Two of my kids are especially hard hit by the good-byes this spring: two of their good buddies are leaving for new homes.  This is not anything new; every year, the boys have had any number of friends leaving.  One year, my eldest had had 3 out of 4 of his best buddies leaving, and the other his ‘very best friend in the whole wide world’ headed to the other side of the planet.  The youngest has the easiest time making friends, but still feels the have-to-say-goodbye pinch.  This year?  We've already had some hard goodbye moments as the early departures started.  To each it is hard, especially when there is no real grasp on what it means to say goodbye to someone for forever.  Like for always.  Now my boys are to the age where they all fully understand what these goodbyes mean.  They get that this is more than just not seeing their buddies in school next week. 

 

Each year, this happens.  Does it get easier?  It does, in the sense that they are growing and starting to realize what a goodbye means, and they are starting to realize that we see people again pretty regularly.  They are starting to develop their tech skills, too, so can stay in touch via email and other platforms (as an aside, have you ever read some of these emails?  10 year old boys have a very comical sense of what is an important detail to pass on, and there is generally a lot of emoji usage.)  Goodbye is not really goodbye but ‘see you later’.   This all helps.

 

What else can we do to help our kids deal with these goodbyes?

 

1.     Let your kids spend extra time with their soon-to-depart buddy.  Extra time together is not going to make it all better, but at least they get a few extra hours of quality time.  We had a ‘say hello to summertime’ get-together with the kids’ favorite friends before leaving for our last post.  We brought popsicles and squirt guns, and the kids all ran until they (almost literally) dropped.  Sharing a fun memory with friends is a great way to say goodbye.  We took pics, and sent them via email to parents to share with their kids, too.   A mom of one of my youngest’s friends is an amazing photographer, and she gave us prints of pics of the boys together.  What a treasure!  We have hosted goodbye sleepovers, we have had epic nerf battles as a way to make one last afternoon together truly memorable … it really is just about helping them to build memories.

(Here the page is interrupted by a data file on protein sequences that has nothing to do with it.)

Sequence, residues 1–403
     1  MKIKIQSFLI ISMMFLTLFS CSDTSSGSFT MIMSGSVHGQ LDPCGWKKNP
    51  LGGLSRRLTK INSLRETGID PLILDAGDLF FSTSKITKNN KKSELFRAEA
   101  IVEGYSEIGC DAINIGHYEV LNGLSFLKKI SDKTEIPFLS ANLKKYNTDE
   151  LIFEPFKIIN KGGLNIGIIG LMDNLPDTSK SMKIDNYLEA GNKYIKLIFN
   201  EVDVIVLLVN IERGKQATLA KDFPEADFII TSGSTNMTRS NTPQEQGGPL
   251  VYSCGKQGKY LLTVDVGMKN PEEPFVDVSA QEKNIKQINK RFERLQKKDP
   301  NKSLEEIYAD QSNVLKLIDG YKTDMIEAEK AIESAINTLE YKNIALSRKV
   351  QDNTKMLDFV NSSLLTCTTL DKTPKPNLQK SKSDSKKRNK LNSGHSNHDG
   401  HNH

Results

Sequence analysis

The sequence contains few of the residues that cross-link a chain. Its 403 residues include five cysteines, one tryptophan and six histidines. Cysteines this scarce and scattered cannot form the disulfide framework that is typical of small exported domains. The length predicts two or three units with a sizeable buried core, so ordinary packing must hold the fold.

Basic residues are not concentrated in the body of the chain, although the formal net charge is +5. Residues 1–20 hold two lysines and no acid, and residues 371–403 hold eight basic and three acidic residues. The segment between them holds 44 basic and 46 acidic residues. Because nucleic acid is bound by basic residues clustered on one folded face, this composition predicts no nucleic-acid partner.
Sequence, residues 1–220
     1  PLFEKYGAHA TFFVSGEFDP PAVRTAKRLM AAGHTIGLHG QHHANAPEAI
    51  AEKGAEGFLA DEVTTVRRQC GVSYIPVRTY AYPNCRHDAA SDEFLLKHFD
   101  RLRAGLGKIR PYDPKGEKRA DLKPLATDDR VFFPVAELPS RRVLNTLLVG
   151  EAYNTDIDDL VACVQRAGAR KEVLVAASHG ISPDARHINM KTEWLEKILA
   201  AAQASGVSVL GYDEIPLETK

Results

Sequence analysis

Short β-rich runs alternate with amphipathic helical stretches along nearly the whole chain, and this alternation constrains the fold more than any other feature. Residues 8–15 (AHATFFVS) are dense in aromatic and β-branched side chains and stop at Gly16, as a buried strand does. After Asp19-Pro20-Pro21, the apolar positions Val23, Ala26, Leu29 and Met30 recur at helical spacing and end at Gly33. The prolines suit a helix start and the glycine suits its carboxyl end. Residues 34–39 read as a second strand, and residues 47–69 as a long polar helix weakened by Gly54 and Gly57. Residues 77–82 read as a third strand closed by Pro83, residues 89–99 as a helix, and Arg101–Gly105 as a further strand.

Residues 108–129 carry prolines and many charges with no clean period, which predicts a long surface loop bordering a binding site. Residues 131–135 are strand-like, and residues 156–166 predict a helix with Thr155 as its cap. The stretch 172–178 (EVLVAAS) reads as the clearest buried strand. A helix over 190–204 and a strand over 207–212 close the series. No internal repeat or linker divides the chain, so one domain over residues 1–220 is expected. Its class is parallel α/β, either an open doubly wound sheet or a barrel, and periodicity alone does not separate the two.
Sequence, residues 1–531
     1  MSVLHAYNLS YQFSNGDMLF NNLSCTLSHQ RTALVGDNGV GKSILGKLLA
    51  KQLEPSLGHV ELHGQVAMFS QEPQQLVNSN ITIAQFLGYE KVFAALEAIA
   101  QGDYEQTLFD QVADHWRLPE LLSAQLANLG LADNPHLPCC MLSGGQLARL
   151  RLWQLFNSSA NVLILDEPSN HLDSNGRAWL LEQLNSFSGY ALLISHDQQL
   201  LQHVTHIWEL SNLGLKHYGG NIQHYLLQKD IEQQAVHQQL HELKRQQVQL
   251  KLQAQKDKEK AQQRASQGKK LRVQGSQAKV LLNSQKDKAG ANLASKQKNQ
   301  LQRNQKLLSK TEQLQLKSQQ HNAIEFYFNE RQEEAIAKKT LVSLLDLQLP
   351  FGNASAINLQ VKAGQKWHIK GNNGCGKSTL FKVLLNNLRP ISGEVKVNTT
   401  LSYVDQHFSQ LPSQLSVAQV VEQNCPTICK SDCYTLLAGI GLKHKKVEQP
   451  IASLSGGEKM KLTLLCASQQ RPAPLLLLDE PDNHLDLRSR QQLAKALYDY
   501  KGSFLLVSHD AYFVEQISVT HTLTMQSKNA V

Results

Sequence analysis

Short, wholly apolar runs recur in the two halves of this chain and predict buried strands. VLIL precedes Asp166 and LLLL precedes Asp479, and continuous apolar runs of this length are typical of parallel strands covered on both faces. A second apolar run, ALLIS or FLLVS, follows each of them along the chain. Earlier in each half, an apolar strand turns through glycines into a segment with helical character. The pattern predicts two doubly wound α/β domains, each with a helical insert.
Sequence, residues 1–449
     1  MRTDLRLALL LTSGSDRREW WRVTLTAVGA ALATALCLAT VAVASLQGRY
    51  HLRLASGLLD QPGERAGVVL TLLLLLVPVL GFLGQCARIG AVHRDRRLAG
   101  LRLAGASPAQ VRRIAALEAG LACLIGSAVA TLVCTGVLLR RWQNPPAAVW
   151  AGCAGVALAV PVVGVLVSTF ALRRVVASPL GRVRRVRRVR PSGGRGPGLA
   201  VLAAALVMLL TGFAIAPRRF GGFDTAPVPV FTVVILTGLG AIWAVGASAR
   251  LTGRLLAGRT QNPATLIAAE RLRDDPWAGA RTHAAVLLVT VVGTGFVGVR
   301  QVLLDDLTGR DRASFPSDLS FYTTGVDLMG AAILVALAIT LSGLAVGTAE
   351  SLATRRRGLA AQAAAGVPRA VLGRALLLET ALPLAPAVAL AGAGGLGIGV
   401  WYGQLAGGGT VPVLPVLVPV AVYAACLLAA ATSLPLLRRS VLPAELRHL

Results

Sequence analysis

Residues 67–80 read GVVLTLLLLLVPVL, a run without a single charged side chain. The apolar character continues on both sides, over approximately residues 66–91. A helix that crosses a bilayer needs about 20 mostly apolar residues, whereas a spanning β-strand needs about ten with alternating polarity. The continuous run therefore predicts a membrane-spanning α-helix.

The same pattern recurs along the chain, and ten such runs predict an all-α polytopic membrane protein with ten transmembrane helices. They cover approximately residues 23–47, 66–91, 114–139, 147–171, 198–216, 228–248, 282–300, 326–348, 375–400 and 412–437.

2.     Let kids stay in touch.  Email or letter writing is a great way to stay in touch… and practice writing skills!  I try to give my kids privacy in their notes, plus I think helping our younger generations learn the beauty of sending and receiving an actual piece of mail is not such a bad thing.   OIder kids would obviously embrace the use of social media and email to keep in touch with friends from other posts and schools.  We do this, right?   We Facebook with our adult friends so why would kids be any different?  (This is probably not the time to open the 'proper age to open a gmail account' can of worms...)  Bottom line is, facilitating some form of communication is important and depending on the age of your kids, you will have a bigger or lesser role in this.  Your kids might not be old enough for their own email account; this depends on your preferred email provider and also some countries have age requirements.  We let the boys use ours until they were.  Also, just as a note: many of the schools now give kids their own emails, but they will then delete them after so many months post-enrollment.  Be sure to save the contact info in their school accounts to a personal account so they don’t lose touch.  Also, having physical mailing addresses are fun, too; a great way to stay in touch is a yearly holiday card!

As kids get older, they start developing their online persona; they will have their Snapchat and Instagram (and who knows what else) accounts.  That is another great way for kids to stay in touch and get a glimpse of what is going on in their friends’ lives.